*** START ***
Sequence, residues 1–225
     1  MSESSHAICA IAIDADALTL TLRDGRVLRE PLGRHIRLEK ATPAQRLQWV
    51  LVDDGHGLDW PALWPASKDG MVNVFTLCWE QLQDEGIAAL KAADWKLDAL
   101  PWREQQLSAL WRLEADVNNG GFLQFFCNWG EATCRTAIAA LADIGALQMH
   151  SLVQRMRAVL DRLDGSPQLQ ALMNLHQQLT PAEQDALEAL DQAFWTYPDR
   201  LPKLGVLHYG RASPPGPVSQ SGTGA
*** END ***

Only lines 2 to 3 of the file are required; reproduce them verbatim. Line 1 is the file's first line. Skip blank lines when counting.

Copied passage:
     1  MSESSHAICA IAIDADALTL TLRDGRVLRE PLGRHIRLEK ATPAQRLQWV
    51  LVDDGHGLDW PALWPASKDG MVNVFTLCWE QLQDEGIAAL KAADWKLDAL